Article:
- Hello, my name is Diane Seltzer. And I'm an employment lawyer practicing in the Washington, D.C., Metropolitan area. My focus is entirely on employment law and the issues that arise in the workplace. I handle every kind of workplace issue imaginable. But one of my favorite topics is the Family and Medical Leave Act. This law was enacted almost 30 years ago. And yet, there are still misunderstandings and misconceptions about to whom it applies and what benefits it provides. So in this course, we're going to have an overview of the Family and Medical Leave Act so that we have a working knowledge, or hopefully better than a working knowledge, of when something should go off in our minds, that spots the applicability of the law and lets us understand what we need to do in order to comply with it. So let's get started. What is the Family and Medical Leave Act? The FMLA, as it's commonly referred to, is a law that provides unpaid job protected leave, leave that is either continuous or intermittent. It requires the maintenance of health insurance during FMLA leave. And it requires that the employee be restored to the same or substantially similar job after the Family and Medical Leave Act leave is exhausted. So there are pretty important and significant benefits that this law provides. And we are going to talk about soon to whom this law applies. But understand that every covered employer must provide a general notice to their employees regarding the Family and Medical Leave Act. This can be done by displaying a poster or distributing it electronically, which certainly can be important in a remote workforce setting. And it can also be accomplished by providing a written general notice to employees, such as in an employee handbook or in other written materials provided when the employee is hired. There's a poster that the Department of Labor puts out that covers what an employee's rights are under the Family and Medical Leave Act. And this provides a really helpful summary for those of you who want to have everything in one place as important government authenticated overview of the law. So what are the eligibility requirements from the perspective of an employer and the perspective of an employee? Because not every employer is covered by the FMLA and not every employee is automatically eligible for the benefits of that law. Covered employers. To be covered by the Family and Medical Leave Act, a private employer must employ at least 50 employees in 20 or more work weeks in the current or previous calendar year, within 75 miles of the work site. The work weeks do not need to be consecutive. And the employee is considered employed for that week if they worked any part of that week. All federal, state, and local government agencies, and all elementary and secondary schools, are covered by the FMLA regardless of the number of employees they have. What about employee eligibility? There's a misconception that every employee is covered by this law, and they're not. So to be eligible for FMLA benefits and coverage, an employer has to, at the outset, work for an FMLA-covered employer. And that employee has to have worked for the employer for at least 12 months, which need not be consecutive. But generally speaking, if the employee has a break in service that lasted more than seven years, the employee cannot count the period of employment prior to the seven-year break. The employee has to have worked at least 1,250 hours during the 12-month period immediately proceeding the commencement of leave. And the employee has to have worked at a location where at least 50 employees are employed by the employer within 75 miles of that site. Now, be aware that there are many state versions of the federal Family Medical Leave Act, and their requirements may differ and may be more generous towards employees than the federal law. So you've really gotta make sure, in your state, you have to see if there is a comparable state version of this law that may have different coverage and eligibility requirements, and may also give different benefits. So what are the FMLA leave benefits that we're speaking about? FMLA eligible employees are entitled to up to 12 work weeks of job protected, unpaid leave, or earned or accrued paid leave in a 12-month period, or up to 26 work weeks in a single 12-month period to care for a covered service member with a serious injury or illness. The maximum leave is a combined total of 26 work weeks of leave during the single 12-month period. So what are the bases for requesting FMLA? You have to have a legal basis that is covered by this law in order to even request such leave. So what are the circumstances that provide leave rights? One is the birth of a child and to bond with the newborn within one year of birth. Another circumstance is when the employee adopts a child or accepts placement of a foster child, and to bond with the newly placed child within one year of birth or placement. For the employee's own serious health condition that makes the employee unable to perform one or more functions of their job. Another circumstance is to care for a child, spouse, or parent of the employee who has a serious health condition. And we'll get into the definition of that term shortly. Another circumstance is for qualifying exigencies related to certain military deployments. And another circumstance is to care for a covered service member who has a serious injury or illness. So what is a serious health condition that triggers the ability for an employee to have leave under this law? It's relatively self-evident what the birth of a child is, or what the placement of a child in foster care or the adoption of a child means. But serious health condition is a term of art. And it has a definition. It is an illness, injury, or impairment, or a physical or mental condition that involves either inpatient care in a medical facility or continuing treatment by a healthcare provider. That's going to lead us to more definitions. So what is inpatient care? And luckily, we don't have to make these definitions up. They are set forth in the statute. And it's accompanying regulations. So a serious health condition involving inpatient care includes an overnight stay in a hospital, hospice, or residential care facility, or any period of incapacity or any subsequent treatment in connection with the overnight stay. What's the definition of continuing treatment? Well, a serious health condition involving continuing treatment by a healthcare provider includes any one of the following. A period of incapacity plus treatment, any period of incapacity due to pregnancy or for prenatal care, any period of incapacity due to the treatment for a chronic serious health condition, a period of incapacity which is permanent or long term due to a condition, or a condition requiring multiple treatments. So we have a number of definitions for the term continuing treatment. Now, continuing treatment, incapacity and treatment, it's further defined. That means it's a period of incapacity of more than three consecutive full calendar days, and any subsequent treatment or incapacity related to the same condition that involves either two or more in-person visits to a healthcare provider for treatment for the illness within 30 days of the first day of incapacity, or at least one in-person visit to a healthcare provider resulting in a regimen of continuing treatment under the healthcare provider supervision. And in order to be considered to have received treatment by a healthcare provider, the employee has to make an in-person visit to a healthcare provider within seven days of the first day of incapacity. So yes, these are very nuanced and detailed definitions, but it's supposed to remove any question about what is continuing treatment, what is incapacity, and similarly, as you'll see, other definitions have detailed sub-definitions as well. And it's so that we have clarity and everyone who has something that might be minor or that's easily treated, or that only needs treatment one time, and it's relatively minor treatment, does not get to avail themselves of the use and protections of this law. Remember, it's supposed to be for addressing serious health conditions, not any health condition. So what's continuing treatment for pregnancy or prenatal care? Well, eligible employees are entitled to FMLA leave for any period of incapacity due to pregnancy or for prenatal care, even if medical treatment is not required during the absence, and even if the absence does not last more than three consecutive calendar days. So the spouse of a pregnant woman is entitled to FMLA leave if needed to care for the pregnant spouse who's incapacitated, or if they're needed to care for her during her prenatal care or following the birth of a child. Both parents are entitled to FMLA leave if needed to care for a child with a serious health condition. So that is a more expansive and generous approach to continuing treatment. So continuing treatment for chronic conditions, what does that mean? Well, a serious health condition involving continuing treatment by a healthcare provider includes any period of incapacity due to a chronic serious health condition. And that is defined as a condition which requires periodic visits at least twice a year for treatment by a healthcare provider, or that continues or recurs over an extended period of time, including recurring episodes of a single underlying condition. And that may cause episodic rather than a continuing period of incapacity. So think of diseases and illnesses like asthma, or diabetes, or epilepsy. So such an employee qualifies, even if medical treatment is not required, and even if the absence doesn't last more than three consecutive calendar days. Continuing treatment of long-term conditions. Well, here, the benefit is provided if there is a period of incapacity, which is permanent or long term, due to a condition for which treatment may not be effective. Think of Alzheimer's. Think of severe stroke. Think of the terminal stages of a disease. But that requires the continuing supervision of a healthcare provider. And to qualify here, the employee or the family member must be under continuing supervision of, but need not be receiving active treatment by a healthcare provider. Continuing treatment, multiple treatments. What does that mean? Well, it means any period of absence to receive multiple treatments for restorative surgery after an accident or other injury, or a condition that would likely result in a period of incapacity of more than three consecutive full calendar days, if treatment wasn't received. So think of cancer treatment, like chemotherapy and radiation. Think of treatment for severe arthritis, like physical therapy. Or think of kidney disease. For example, dialysis. So what about voluntary procedures? Are those considered serious health conditions? And the law is pretty clear. Voluntary or cosmetic treatments will be considered serious health conditions when inpatient hospital care is required or if complications develop. Serious health conditions, substance abuse. Is substance abuse going to be considered a serious health condition? And as with so many things in the law, the answer is, it depends. It can be a serious health condition, but leave can only be taken for the treatment of the abuse by, or on referral by a healthcare provider, not because of the effects of the employee's use of the substance. So that can get into some gray areas that would require further analysis. For example, if someone is a drug addict, and they develop a disease as a result. If they abuse alcohol, they develop cirrhosis of the liver, and now they need to take time off for the cirrhosis of the liver, the argument would certainly make sense that it is covered by the FMLA. But if someone simply has a hangover the next day from drinking too much the day before, arguably that would not be covered. And that would not be a serious health condition under the FMLA. So what does this mean if the employee is able to perform their job or the functions of their position? What it means is they're unable to provide the functions of their position if a healthcare provider finds that they are unable to work at all, or they're unable to perform any one of the essential functions of the position. And an employee who must be absent from work to receive medical treatment for a serious health condition is in fact considered to be unable to perform the essential functions of the position during the absence for treatment. So remember, a lot of times treatment is going to be covered not only the illness itself. Next slide. We've talked a little bit about the military family aspect of this. So military family leave, which is also something that doesn't always come to mind, and it was part of amendments to this law, but the amendments are not new. And we need to be familiar with them, whether they're new or old. Military family leave is available for qualifying exigencies arising out of the employee's spouse, son, daughter, or parent being a military member on covered active duty, or being notified of an impending call or order to covered active duty status. It's also available to care for a covered service member with a serious injury or illness if the employee is the spouse, son, daughter, parent, or next of kin of this covered service member. And we'll talk a bit more about those definitions later on in this program. So what's the process for getting this underway? There's gotta be some kind of notice, procedure, on both parties' parts. And in fact, there is. So, the notice of eligibility, what are the employee's rights and requirements in order to get the ball rolling so that they can, in fact, get FMLA leave? Well, the employees got to give notice. Whether FMLA leave is going to be continuous, intermittent, or taken on a reduced schedule basis, notice of the need for leave only needs to be given one time. But the employee must advise the employer as soon as practicable, if dates of scheduled leave change or are extended, or were initially unknown. So the employee doesn't have to use the term FMLA. They just have to provide enough information for the employer to understand that the leave may be for an FMLA-qualifying reason. And that's why we take this course so that we can identify and read between the lines when an employee is talking about something that may trigger our requirements as an employer under the FMLA. So notice can be oral or written. And when notice must be given depends on whether the need for leave is foreseeable. Think about it. Someone might have a car accident. The need for leave is not foreseeable. Or someone may have a planned surgery and the need is foreseeable. So what does as soon as practicable mean in terms of giving notice? It means as soon as both possible and practical, taking into account all of the facts and circumstances in the individual case. So when an employee becomes aware of a need for FMLA less than 30 days in advance, then it should be practicable for the employee to provide notice of the need for leave either the same day or the next business day after the employee became aware of the need for leave. What about for the birth, or adoption, or foster care of a child? What are those notice obligations? Well, where the employee takes leave for the birth or adoption of a child, or because of the placement of a child with the employee for foster care, they must give at least 30 days notice before the date of leave is expected to begin. And if the birth replacement requires leave to begin in less than 30 days, then the employee should provide notice as soon as it's practical. And of course, we can't always tell when a baby will be born. They often have minds of their own. Same, of course, with being able to accept a child who is up for adoption or who is in the foster care system. So there's gotta be a fair amount of flexibility in this regard. So further clarifying these notice obligations, when an employee has a serious health condition, for leave required in connection with planned medical treatment, an employee should consult with his or her employer to schedule the leave in order to minimize the disruption to the business. The employee, excuse me, should also provide the employer with at least 30 days notice before the leave is to begin. If the day of treatment requires leave to begin in less than 30 days, then the employee should provide notice as soon as it's practicable. What about when there's a qualifying exigency with respect to the military leave? Well, when the leave arises out of a qualifying exigency related to the active military duty of a spouse, child, or parent of an employee, the employee should provide notice to the employer as soon as is reasonable and practicable. Notice of eligibility. What are the employer's responsibilities after receiving notice of the need for leave? Well, a lot of this is covered by forms that the Department of Labor has already published. So we don't have to invent these from scratch. When an employee requests FMLA leave, or when the employer acquires knowledge that an employee's leave may be for an FMLA-qualifying reason, then the employer must notify the employee of the employee's eligibility to take FMLA leave within five business days, absent extenuating circumstances. Now, again, it doesn't mean that they're approving the leave at this point. They're just saying you are eligible potentially under the law, okay? And then the decision will be made later. But they have to at least say you're eligible to apply for it. And there are forms, as I will get to. This one is form WH-381. It's in your materials. So the employee eligibility is determined, and notice has to be provided, at the commencement of the first instance of leave for each FMLA-qualifying reason in the applicable 12-month period. So if you look at form WH-381, Eligibility and Rights and Responsibilities Notice, that has all the information that the employee will need to provide at least at this initial stage. And that's how the employer satisfies its notice requirement in terms of what it has to provide to the employee. So the eligibility notice has to state whether the employee is eligible for FMLA leave. And if the employee is not eligible for FMLA leave, the notice has to state at least one reason why the employee is not eligible. For example, maybe the employee has only been working there for a month. They would not be eligible for leave. Notification of eligibility may be oral, or it may be in writing. The Rights and Responsibilities Notice with respect to what the employer has to do, the employer shall provide written notice detailing the specific expectations and obligations of the employee, and explaining any consequences of a failure to meet these obligations. Requesting certification. So the next step is to obtain certification regarding the need for this leave. And there are four separate FMLA certifications. There is one that covers the employee's serious health condition, one that covers the serious health condition of a family member, one that covers a qualifying exigency, and that, again, deals with military related leave. And the last type involves military caregiver leave. So the certifications and the employer notice are voluntary, but our strong recommendation is that the employer does request this certification. They don't have to give the leave if the certification is not appropriate. And it certainly will help stem other claims because of an employee who says, "I had to give certification and someone else didn't. That's discriminatory. That's unfair." So if it's required across the board, that's certainly a best practice. And it certainly will ensure, from that perspective, that all employees are being treated equally in terms of what they have to submit to show that they are eligible. So the employers should request that an employee provides certification within five business days of the time the employee gives notice of the need for leave or within five business days after leave commences in the case of unforeseen leave. Again, remember medical emergencies, car accidents, some kind of traumatic injury, that kind of thing. Now, if the employee fails to provide the employer with a complete and sufficient certification, despite the opportunity to cure the certification, or if the employee fails to provide any certification, the employer may deny the taking of the FMLA leave. Certification forms are available. And the employee has to provide the requested certification to the employer within 15 calendar days of the employer's request. So the employer can satisfy this requirement by providing the employee with forms WH-380-E for the employee, WH-380-F for a family member, WH-384, WH-385, or WH-385-V. And I've put links to each of these forms in the materials, and you should have hard copies as well. These forms are periodically updated. So if you are going to use them and you notice that it is beyond the expiration date printed on the form, you should see if the form was extended, or you could go to the Department of Labor's website and see if a new form has been issued. The Department of Labor has been pretty on top of this. And while there's nothing automatically wrong with using a form that has expired, it's certainly a best practice to use one with an expiration date that is in the future, not in the past. What about follow-up inquiries? So if the employer has questions about a medical certification regarding a medical condition, a healthcare provider representing the employer may contact the employee's healthcare provider with the employee's permission for the purpose of clarifying or authenticating the certification. So, for example, if they can't read handwriting or they don't understand the meaning of a response, that kind of contact is okay. Also, if it's something that is unsigned, or it is from a hospital or a medical practice that does not seem to exist, or there are questions about its legitimacy. There's no website. There's no phone number. There's no email. Then, that is a case where follow-up inquiry is fine. Also, the employer can make follow-up inquiries regarding qualifying exigencies. So if the qualifying exigency, and, again, this is with respect to military-related leave. If it involves meeting with a third party, the employer may contact that individual or that entity with whom the employee is meeting for purposes of verifying a meeting or an appointment schedule, and for purposes of verifying the nature of the meeting between the employee and the specified individual or entity. Another word about follow-up inquiries. An employer that has reason to doubt the validity of a medical certification may require the employee to obtain a second medical certification at the employer's expense. So the employer is permitted to designate the healthcare provider who's going to furnish the second opinion, but the provider may not be someone who's employed on a regular basis by the employer. And that is because we wanna eliminate the possibility of bias. If the second certification differs with the conclusions of the first certification, then the employer can require a third certification by a jointly selected provider, again, at the employer's expense. And that certification is final. So it's not best of three. It is that third one who decides. So let's talk a bit about granting or denying FMLA leave. What are the steps? How do we make these decisions? There's a designation notice. Again, the Department of Labor has issued a form that can be used. And the designation must be in writing. And again, this will eliminate any kind of confusion or different versions of whether something was designated as FMLA leave or not. It's in writing. There's no wiggle room. So the employer has to notify the employee of the amount of leave counted against the employee's FMLA leave entitlement. And failure to follow the notice requirement may constitute an interference with restraint or denial of the exercise of an employee's FMLA rights. And that could expose the employer to liability. And if the employee can't get clarity on whether they are, in fact, entitled to take the leave, and whether the leave has been designated as such, that will create big problems for the employer later on. In the designation notice, if the employer determines that the leave will not be designated as FMLA-qualifying, that is because the leave is not for a reason covered by the FMLA, or the FMLA leave bank has been exhausted, the employer must notify the employee of that determination. And any change to the designation notice has to be provided to the employer within five business days. Now, what if leave is granted? Let's go to the next slide and find out what happens then. These are the employer responsibilities if they're going to designate leave as FMLA leave, okay? So what are the employer's responsibilities with respect to designating leave as FMLA leave? Well, the employer is responsible in all circumstances for designating leave as FMLA-qualifying and for giving notice of the designation to the employee. When the employer has enough information to determine whether the leave is being taken for FMLA-qualifying reasons, or an FMLA-qualifying reason, the employer must notify the employee whether the leave will be designated to be counted as FMLA leave within five business days. And in any circumstance where the employer does not have sufficient information about the employee's reason for leave, the employer should inquire further of the employee to determine whether leave is potentially FMLA-qualifying. This is not necessarily a one-and-done situation. There are times when information isn't adequate. They need to clarify certain information. And there could be some back and forth. But once the employer has the information it's going to receive, they can't wait and sit around and not decide quickly as to whether this will be FMLA-qualifying. Obviously, if it's not qualifying, the employee has some decisions to make about how they're going to handle their absence, whether they want to take the absence, and how long they need to be absent for. The designation notice. With respect to that, it has to be based only on information received from the employee or the employee's spokesperson. So the employer can't decide to designate something as FMLA leave for something that I will call outside the evidentiary record. They can't look on Facebook. They can't call other people. They can't ask other questions of coworkers or family members, that kind of thing. It really has to be just based on what they receive from the employee or someone who's authorized to speak on their behalf. Now, sometimes an employer will require that the employee use paid leave instead of the unpaid FMLA leave. And if they're going to require that, the employer must inform the employee of this designation at the time of designating the FMLA leave. And many people would wonder, well, why wouldn't the employee take paid leave? And not everyone wants to use their paid leave for an FMLA-qualifying reason. They may wanna take it for a vacation later on. And that's a legitimate thing to want. But the employer may have a policy saying if you have paid leave available and you're on FMLA leave, you have to use your paid leave. And again, these kinds of policies or requirements may make an employee reconsider what they wanna do about taking FMLA leave. But that's where it would typically come up if someone is hoping that they want to use their paid time off later on for something fun and they're willing to take unpaid time off right now. So be aware if you are representing employers, or if you are an employer, that this is something that has consequences for the employee down the road when they want additional or different time off for something not FMLA-related. They may not take kindly to the requirement that they use their paid leave in this circumstance. So with respect to substituting paid leave, an employer can require the employee to substitute accrued paid leave under their plans, again, paid leave, paid vacation leave, personal leave, that kind of thing, for FMLA leave. Paid leave provided by the employer, and accrued person went to establish policies of the employer would run concurrently with the unpaid FMLA leave. So the employee would get their pay pursue into whatever the applicable paid leave policy is. And if an employee uses paid leave under circumstances that don't qualify as FMLA leave, then the leave will not count against the employee's FMLA leave entitlement. What about retroactive leave designation? This is an interesting one, because sometimes an employer will realize that it has not designated something as FMLA leave, and it should have. Some employers have an interest in making sure that an employee uses FMLA leave if that's an FMLA-qualifying reason, reason being employers don't wanna give employees more time off than they have to. And they don't wanna protect an employee's job for longer than they have to. So if an employee takes off time, it's not designated as FMLA time. And then they have another need for leave in the future, that 12-week bank remains untouched and available. And they had no consequences ostensibly for taking the previous time off. So employers may decide, well, or may ask, can we designate the old time that was not FMLA-protected or designated? Can we designate that retroactively as FMLA leave? And the answer is, like we've said before, maybe. So if an employer doesn't designate the leave as FMLA leave, they can retroactively designate leave as FMLA leave with appropriate notice to the employee, provided that their failure to timely designate the leave does not cause harm or injury to the employee. Now, we can imagine the situation where an employee has taken off four weeks for a serious health condition, but it was never considered FMLA. Didn't get the protections. Didn't get the rights and responsibilities for either party under the FMLA. And now that same employee wants to take off 12 weeks for maternity leave. But the employer says, "Mm-hmm. We're gonna call your last four week tranche of leave FMLA-designated. And now you only have eight weeks of maternity leave." So that's the perfect example of where a retroactive designation would cause harm or injury to the employee. And that is not advisable. That is not a good path to go down, because the employee, ostensibly, and I think predictably, if they have good counsel, will say, "This is harming me. This is injuring me. I didn't think of the old leave as FMLA leave. And I had saved all 12 weeks so I could take time off when my child was born or placed with me, or when I adopted or fostered a child." So now this is prejudicial. And liability can arise if that their failure to designate leave in a timely manner causes the employee to suffer harm. So you can imagine this coming up, for example, if the employee submitted the papers and just never got a response until much later, or if the employee's leave in the past may have been possibly FMLA-qualifying but the employer never told them about their rights. So there are a number of reasons why leave may not be designated as FMLA-qualifying, even though it is FMLA-qualifying. Either the employee didn't say enough, or the employer didn't designate it timely or at all. And now the issue becomes, well, what happens now when the employee needs or wants requests more FMLA leave and the old time off is being retroactively counted as FMLA leave and held against them. Not only is it not a best practice. It's a terrible practice to retroactively designate leave as FMLA leave if there is any possibility that it could cause harm or prejudice to the employee. The only time that it typically, or an example of when it wouldn't cause that prejudice, perhaps is if the employee needs eight weeks off and it's the last eight weeks of the 12-month period. And so the fact that something in the past is now being designated as four weeks of FMLA. It doesn't matter because it was 12 weeks within a 12-month period. And the 12-month period is about to end. And a new 12 month calendar begins. But again, it's very fact specific. And it's something to look at very closely to make sure that there won't be a problem with this retroactive designation causing prejudice to the employee. A question that comes up often is, what happens to employee benefits while the employee is on FMLA leave? Employees worry about this. They don't wanna lose their coverage under an employer's, for example, health insurance plan. They don't know what the cost could be. They don't know if they'll continue to accrue leave. So there are, you know, leave while on leave. There are certainly questions. Will they get their bonuses? There's a lot that are beyond the scope of this program, because we're talking about what the law provides and requires, that doesn't mean that an employer can't be more generous. This is a floor, not a ceiling. So there are certain policies where an employer could certainly say, even if you're on FMLA leave, these things will still in order to your benefit. But what the law addresses are the things that must still in order to the employee's benefit. So what kind of benefits must still be maintained while the employee's on FMLA leave? Well, the employer is required to maintain coverage of an employee on FMLA leave under any group health plan, including medical and dental coverage. And it has to provide the same level of health benefits as if the employee had not taken leave. And the taking of FMLA leave cannot result in the loss of any employment benefit accrued prior to the commencement of the leave. Also an employee's entitlement to benefits other than group health benefits during a period of FMLA leave, for example, holiday pay, is to be determined by the employer's established policy for providing such benefits when the employee is on other forms of leave, such as paid or unpaid leave as appropriate. So it's really important that we have policies that address these situations, where the law does not dictate what must happen. And having a good handbook that addresses this is absolutely the best way to address it before the situation arises. So continuing with benefits while on leave. Any share of group health plan premiums which had been paid by the employee prior to FMLA leave must continue to be paid by the employee during the FMLA leave period. If the employee's premiums are raised or lowered, then the employee would be required to pay the new premium rates. They'd have to be treated just like all the other employees. They don't get the benefit of a lower rate. And they're not gonna be punished by a higher rate unless everyone else is treated the same way. And then it's not punishment. It's being treated fairly. So in the absence of an established employer policy, providing a longer grace period, again, this law provides a floor, not a ceiling, the employer's obligations to maintain health insurance coverage cease if an employee's premium payment is more than 30 days late. And the important thing here is make sure the employee knows what the expectations are. And then you can go forward with enforcing them without having to worry. Now, what about the recovery of benefits costs? Because if this employee does not come back for certain reasons, well, then the employer may be able to recover monies that they paid. So if the employee doesn't return after FMLA leave, the employer generally can require the employee to pay back the amount that the employer spent on premium payments during the leave. So whatever the employer's portion was would be recoverable. But there's a big caveat here. If the employee doesn't return to work due to the continuation, recurrence, or onset of a serious health condition of the employee or the employee's family member, or due to the serious injury or illness of a covered service member that would entitle the employee to FMLA leave, or due to other circumstances beyond the employee's control, and there's a big kitchen sink factor there, then the employer may not recover the employer's share of health plan premiums. So if the reason the employee went out in the first place is the reason the employee can't come back, for a serious health condition purposes, then the employer can't recover those premiums. And again, if it has to do with something that would entitle someone to leave because of these military-related reasons, again, then the premiums can't be recovered. And as a practical matter, the employer has to weigh the risk of trying to recover the premium with the risk, or the benefit I should say, of trying to recover the premium with the risk of running a foul of the FMLA. So if the goal is to recover that premium, I would suggest that the employer be very clear as to understand why the employee is not returning to work. Now, if the employee just says, "I quit," the employer doesn't know why. And maybe the employer doesn't need to know why. But if the employer does have in mind, "Well, you're not coming back. We just paid 12 weeks' worth of health insurance premiums for you. We wanna get that money back," then they should at least make the inquiry as to why the employee is not returning to work. And the employer must keep in mind that due to other circumstances beyond the employee's control, is something they'll probably want to evaluate and see. And they may even wanna have some legal research done as to, what are those circumstances? What would qualify as something beyond the employee's control, preventing them from returning to work? And would it be enough to justify trying to recover the premiums or not? So that's gonna be fact intensive. Again, beyond the scope of this program, but the employer will have to do that cost benefit analysis. And including, of course, the cost of paying the lawyer to research whether the other circumstances satisfies the employee's requirement for not having to pay back those premiums. But those are the times and the conditions under which the employer can recover those costs. Now understand the employee's deemed to have returned to work where they return to work for at least 30 calendar days, where they transfer directly from taking FMLA leave to retirement, or where they retire during the first 30 days after they return to work. So what are the employee rights upon their return to work? Next slide. Because this slide does give the employee certain rights when they come back to work. It's not only the protected leave, but there are protections that then cover them once they're back. So the FMLA leave period cannot be counted against the employee under an attendance policy that disciplines employees for their absences, okay? So you can't say, "Well, you were on FMLA leave. So now you're not getting this benefit. We are holding that leave against you." That is a no-go, a non-starter. The employee must be returned to the same position or to an equivalent position with equivalent benefits pay and other terms and conditions of employment. But an employee has no greater right to reinstatement or to other benefits and conditions of employment than if he had been continuously, or if she or they had been continuously employed during the leave period. So this is not that you get special benefits. But you get the same as though you hadn't left. We'll talk about retaliation in a moment. But try to understand, taking FMLA leave does not immunize you or the employee. So if the employee was already on a performance improvement plan, that is not going to be undone simply because the employee took FMLA leave. If the employee was scheduled to have their job eliminated before the FMLA leave took place, well, that doesn't protect them either. When they return, the fact that they took the leave, their job will still be eliminated unless there's been some other business reason why it won't be. And of course, what comes up often is that while someone is on FMLA leave, an employer may realize the performance issues or things that weren't being done, or other performance or conduct-related matters that may not have come to light until someone else had to step up and do the employee on FMLA leaves job. And that's when a lot of performance problems are discovered. So if something is discovered while the person's on leave, that can certainly be used as the basis for an employment action against that employee. I have certainly had clients where an employee goes on FMLA leave, and the person covering for them finds things that were hidden, things that weren't done, piles of unopened mail in drawers, emails that were ignored or not responded to while the employee was actively employed, and those kinds of things would be the subject for disciplinary action or termination. And that doesn't change simply because the person took the FMLA leave. So what about coming back to the same position, and transferring someone to an alternate position? Well, if the employee needs intermittent leave that's foreseeable, the employer may require that the employee transfer temporarily to an alternative position for which the employee is qualified and that better accommodates recurring periods of leave. But the employer has to provide equivalent pay and benefits in the alternative position. But the position doesn't have to have equivalent duties. And when the employee no longer needs to continue on intermittent or reduce schedule leave, and is able to return to full-time work, the employer must place the employee in the same or equivalent job as the job the employee left when the leave commenced. So, again, be mindful about the fact that you can put someone in an alternate position if they're on intermittent leave. But otherwise, they pretty much have to be returned to the same job when they're done with their full continuous leave. Now, if that job, again, was slated to be changed or eliminated, and that's not something related to the FMLA leave, that's certainly fine. On the other hand, there will certainly be times when an employer realizes an employee is out on FMLA leave, and the job does need to be restructured, or perhaps even eliminated, because it's not that necessary, or it's not a useful position anymore, or there's a better way. So that's something where we have to remember, we don't want it to look like retaliation, that the employee doesn't have a job to return to. We wanna make sure that the business case for eliminating or changing the job is very strong and has nothing to do with the fact of taking the leave. Again, it may have something to do with what was discovered while the person was on leave, that this job is really outdated, that the description isn't accurate, whatever, but we wanna make sure there's good justification. So coming back to the job, sometimes there can be a requirement of a fitness for duty examination. And as a condition of restoring an employee whose FMLA leave was the result of their own serious health condition, an employer may have a uniformly applied policy or practice that requires all similarly-situated employees who take leave for such conditions to obtain certification from the employee's healthcare provider that the employee is able to resume work. An employer may delay restoration of employment until the employee submits a fitness for duty certification. And in order to institute this policy, the employer must notify the employee that such a certification will be required. And that notification must appear on the designation notice. And that way, the employee understands what the expectation will be. Now, there are exceptions regarding the employee's rights upon return, or right to return, after FMLA leave. And these exceptions are limited. There's no right to return if you are a key employee, if your reinstatement would cause substantial and grievous economic injury to the operations of the employer. And there's no precise test for that. But a minor inconvenience does not satisfy this requirement. If the employee is unable to perform an essential function of the position because of the physical or mental condition, it may trigger obligations of the employer under the Americans with Disabilities Act and comparable state or local laws protecting people who have disabilities. So we have to look at, well, the leave period is over, but if the employee can come back to work with reasonable accommodation, we need to look at, what does that mean? What might that look like? Of course, if the job was eliminated, legitimately, as we've discussed, the employee has no rights upon return. And if the employee would've been terminated anyway, again, based on performance, based on conduct, based on other business needs, And, again, as long as these are documented, and hopefully there were discussions or documents, emails about this before the leave took place. But certainly if it's something that came to light while the employee was on leave, and the employee would've been terminated for that conduct that was discovered during FMLA, but that happened prior to the leave, then there's no right to return. So from a legal perspective, there are two types of claims: interference and retaliation claims. Retaliation claims, next slide, are based on an employee who exercises their FMLA rights and then has adverse action taken against them as a result. Interference claims, those are different than retaliation claims because retaliation claims require intent. You have to mean it, that I am going to get you because you took FMLA leave. Interference claims do not require intent. An interference claim is colorable when the employer interferes with restrains or denies the exercise of, or the attempt to exercise an individual's right to take FMLA leave. The intent is immaterial. If the employer does this, then it is liable. So that is really something to be mindful of that you don't have to mean it. I didn't mean to interfere with your rights to take FMLA leave. If you, as the employer, do that, then there is liability. Retaliation is intent based. So those are the types of claims that an employee can bring. So this has been our overview of the FMLA basics. Hopefully, now you will have a strong working knowledge and hopefully more of the terminology that goes with this law and the process for requesting leave, granting leave, and what are the rights and responsibilities of both parties during this process? I also urge you to look at, if applicable in your practice, the forms WH-384 and WH-385-V, which go into much more detail regarding the basis for military caregiver leave under this law and for qualifying exigency leave under this law. Although less common, they certainly do have a role in this law. And they are aspects that we do deal with as practitioners who do FMLA law, and as HR professionals who need to understand this law. I hope this has been a helpful presentation to you. And I wish you all the success with navigating the challenges of the Family Medical Leave Act.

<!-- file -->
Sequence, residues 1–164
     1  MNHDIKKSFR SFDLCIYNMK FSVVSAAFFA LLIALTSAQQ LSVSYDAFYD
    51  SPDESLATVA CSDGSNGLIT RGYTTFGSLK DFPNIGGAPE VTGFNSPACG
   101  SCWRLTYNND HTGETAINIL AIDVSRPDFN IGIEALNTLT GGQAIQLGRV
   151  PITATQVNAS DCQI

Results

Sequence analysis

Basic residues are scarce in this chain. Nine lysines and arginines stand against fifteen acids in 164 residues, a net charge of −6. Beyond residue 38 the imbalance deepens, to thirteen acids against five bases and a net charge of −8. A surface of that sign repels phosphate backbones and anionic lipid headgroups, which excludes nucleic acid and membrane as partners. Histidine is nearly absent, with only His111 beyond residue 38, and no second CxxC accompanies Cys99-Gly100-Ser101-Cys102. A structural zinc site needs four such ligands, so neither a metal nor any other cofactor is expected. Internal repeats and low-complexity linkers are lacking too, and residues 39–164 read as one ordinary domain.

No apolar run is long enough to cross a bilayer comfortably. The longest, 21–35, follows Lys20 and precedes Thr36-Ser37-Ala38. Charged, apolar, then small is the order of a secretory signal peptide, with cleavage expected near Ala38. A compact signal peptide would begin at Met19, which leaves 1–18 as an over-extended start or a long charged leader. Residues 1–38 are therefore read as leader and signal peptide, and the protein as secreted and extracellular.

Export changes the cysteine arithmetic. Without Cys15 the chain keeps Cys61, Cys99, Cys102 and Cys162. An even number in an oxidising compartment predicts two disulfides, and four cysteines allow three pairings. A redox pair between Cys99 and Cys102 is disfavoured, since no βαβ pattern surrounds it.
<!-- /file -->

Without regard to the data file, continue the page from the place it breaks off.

Presenter(s)

Diane Seltzer
Principal
Seltzer Law Firm